A Modest Proposal vs Candide

Topics: Satire, Jonathan Swift, Candide Pages: 2 (541 words) Published: February 20, 2012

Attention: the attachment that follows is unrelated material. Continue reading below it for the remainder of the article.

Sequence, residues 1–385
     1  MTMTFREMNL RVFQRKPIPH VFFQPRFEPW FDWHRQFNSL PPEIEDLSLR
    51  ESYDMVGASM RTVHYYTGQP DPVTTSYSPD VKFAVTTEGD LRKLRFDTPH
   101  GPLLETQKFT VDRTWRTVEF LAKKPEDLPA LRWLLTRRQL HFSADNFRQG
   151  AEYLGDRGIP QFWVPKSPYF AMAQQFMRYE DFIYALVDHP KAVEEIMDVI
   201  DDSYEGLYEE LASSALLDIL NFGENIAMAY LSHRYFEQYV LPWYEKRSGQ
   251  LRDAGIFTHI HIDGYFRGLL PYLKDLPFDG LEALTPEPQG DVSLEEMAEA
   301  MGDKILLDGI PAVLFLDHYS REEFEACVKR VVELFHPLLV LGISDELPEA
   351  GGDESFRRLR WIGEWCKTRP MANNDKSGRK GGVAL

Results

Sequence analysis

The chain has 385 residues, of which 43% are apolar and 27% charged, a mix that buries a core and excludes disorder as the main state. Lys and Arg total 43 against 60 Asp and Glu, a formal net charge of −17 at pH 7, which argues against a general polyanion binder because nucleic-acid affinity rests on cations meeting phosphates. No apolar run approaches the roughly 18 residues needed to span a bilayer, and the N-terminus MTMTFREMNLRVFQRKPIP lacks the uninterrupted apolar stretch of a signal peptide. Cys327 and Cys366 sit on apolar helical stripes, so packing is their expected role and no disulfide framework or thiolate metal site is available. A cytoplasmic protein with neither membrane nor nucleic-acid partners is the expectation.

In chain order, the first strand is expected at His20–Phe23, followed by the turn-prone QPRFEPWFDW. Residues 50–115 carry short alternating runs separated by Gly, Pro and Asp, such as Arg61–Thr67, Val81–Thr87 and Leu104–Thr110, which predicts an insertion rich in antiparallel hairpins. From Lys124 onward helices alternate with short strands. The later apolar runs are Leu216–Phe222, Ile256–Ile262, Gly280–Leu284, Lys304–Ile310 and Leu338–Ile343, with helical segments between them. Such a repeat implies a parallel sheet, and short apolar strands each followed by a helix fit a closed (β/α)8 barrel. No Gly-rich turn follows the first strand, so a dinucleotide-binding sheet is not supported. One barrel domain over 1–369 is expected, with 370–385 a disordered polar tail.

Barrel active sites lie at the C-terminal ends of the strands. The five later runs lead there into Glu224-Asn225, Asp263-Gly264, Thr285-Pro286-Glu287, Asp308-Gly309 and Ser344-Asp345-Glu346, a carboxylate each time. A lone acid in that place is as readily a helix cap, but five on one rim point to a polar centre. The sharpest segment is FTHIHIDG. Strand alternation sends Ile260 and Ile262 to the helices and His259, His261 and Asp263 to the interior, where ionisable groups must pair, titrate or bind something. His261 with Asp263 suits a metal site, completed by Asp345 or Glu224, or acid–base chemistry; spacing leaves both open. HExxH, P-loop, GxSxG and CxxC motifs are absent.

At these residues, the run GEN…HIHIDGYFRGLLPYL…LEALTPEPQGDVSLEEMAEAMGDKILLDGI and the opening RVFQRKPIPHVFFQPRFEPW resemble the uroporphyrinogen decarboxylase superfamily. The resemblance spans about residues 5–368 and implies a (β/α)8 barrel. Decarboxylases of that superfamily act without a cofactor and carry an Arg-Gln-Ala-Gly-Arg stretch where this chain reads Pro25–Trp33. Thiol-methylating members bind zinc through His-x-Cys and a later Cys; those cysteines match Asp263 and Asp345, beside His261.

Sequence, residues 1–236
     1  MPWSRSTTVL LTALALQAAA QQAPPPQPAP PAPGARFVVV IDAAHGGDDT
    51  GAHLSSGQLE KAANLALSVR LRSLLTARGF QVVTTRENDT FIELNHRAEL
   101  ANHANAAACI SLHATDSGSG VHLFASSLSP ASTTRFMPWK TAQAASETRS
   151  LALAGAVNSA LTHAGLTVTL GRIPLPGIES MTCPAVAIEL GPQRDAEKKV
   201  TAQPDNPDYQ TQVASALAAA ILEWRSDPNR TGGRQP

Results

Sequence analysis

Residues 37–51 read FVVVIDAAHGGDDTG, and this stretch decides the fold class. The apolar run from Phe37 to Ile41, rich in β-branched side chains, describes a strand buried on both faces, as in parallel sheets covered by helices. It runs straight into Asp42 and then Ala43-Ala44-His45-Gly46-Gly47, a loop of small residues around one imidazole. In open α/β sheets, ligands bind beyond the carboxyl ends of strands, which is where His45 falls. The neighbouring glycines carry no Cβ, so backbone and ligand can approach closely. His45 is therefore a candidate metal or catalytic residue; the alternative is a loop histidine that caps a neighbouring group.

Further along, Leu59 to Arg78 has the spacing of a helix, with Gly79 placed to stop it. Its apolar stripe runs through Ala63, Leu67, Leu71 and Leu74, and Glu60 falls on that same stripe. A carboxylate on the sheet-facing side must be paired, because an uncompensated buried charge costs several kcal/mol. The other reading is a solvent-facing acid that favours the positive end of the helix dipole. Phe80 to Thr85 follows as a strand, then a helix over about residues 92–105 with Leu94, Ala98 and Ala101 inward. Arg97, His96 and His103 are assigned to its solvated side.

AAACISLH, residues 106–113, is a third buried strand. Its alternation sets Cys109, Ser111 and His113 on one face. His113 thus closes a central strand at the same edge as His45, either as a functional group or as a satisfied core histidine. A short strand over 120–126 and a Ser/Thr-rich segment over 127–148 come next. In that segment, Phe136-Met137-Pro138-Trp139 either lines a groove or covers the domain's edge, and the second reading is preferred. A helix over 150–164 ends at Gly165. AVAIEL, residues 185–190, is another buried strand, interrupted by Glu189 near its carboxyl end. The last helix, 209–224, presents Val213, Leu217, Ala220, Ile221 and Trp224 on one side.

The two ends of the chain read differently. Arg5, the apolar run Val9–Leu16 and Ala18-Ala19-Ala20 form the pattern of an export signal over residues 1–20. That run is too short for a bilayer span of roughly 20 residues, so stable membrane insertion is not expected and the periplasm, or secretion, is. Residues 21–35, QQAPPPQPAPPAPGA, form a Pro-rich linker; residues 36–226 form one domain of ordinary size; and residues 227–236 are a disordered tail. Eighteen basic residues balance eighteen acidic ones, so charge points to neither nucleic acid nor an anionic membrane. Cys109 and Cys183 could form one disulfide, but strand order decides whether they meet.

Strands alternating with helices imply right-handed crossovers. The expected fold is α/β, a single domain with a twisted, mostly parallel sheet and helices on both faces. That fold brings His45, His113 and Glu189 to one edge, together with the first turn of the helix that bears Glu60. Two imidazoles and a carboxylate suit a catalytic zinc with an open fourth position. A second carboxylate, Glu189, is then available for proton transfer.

As seen through both A Modest Proposal and Candide, both Jonathan Swift and Voltaire were committed to exposing the problems inherent to their societies, but instead of making bold proclamations about these issues, they wrote entertaining texts that used irony, especially in terms of characterization, to point them out. For example, the speaker in the essay A Modest Proposal can coldly discuss the economic and social benefits of killing and eating children without ever giving much thought to the moral problems. The essay is certainly a satire that is aimed at making his contemporary readers recognize the kind of cold, calculating inhumanity of blunt rationalism when used to address social problems such as poverty and overpopulation. Like Voltaire, Jonathan Swift presents this irony through characterization—in this case, the speaker of the proposal. Although Voltaire tends to present many problems of the Enlightenment by having multiple ironic characters, the effect is the same since the audience is drawn in and made to recognize the flaws of certain ways of thinking. The irony of the narrator of A Modest Proposal though, is that he can go on to criticize the moral weakness of mothers who have immoral abortions or commit infanticide. In addition, at one point he speaks of the selling of babies as food, saying, “I grant this food [children] will be somewhat dear, and therefore very proper for landlords, who, as they have already devoured most of the parents, seem to have the best title to the children” (4, Swift). Like the philosopher, Pangloss in Voltaire’s Candide, the speaker in A Modest Proposal turn a blind eye to other ideas or options and by doing so, represents the worst kind of politician or social planner. This ironic character can make a statement that would seem to be purely economic without seeming to realize the awful nature of it. The powerful statement above is disguised as a blind following of the speaker’s philosophy when in fact it addresses the...
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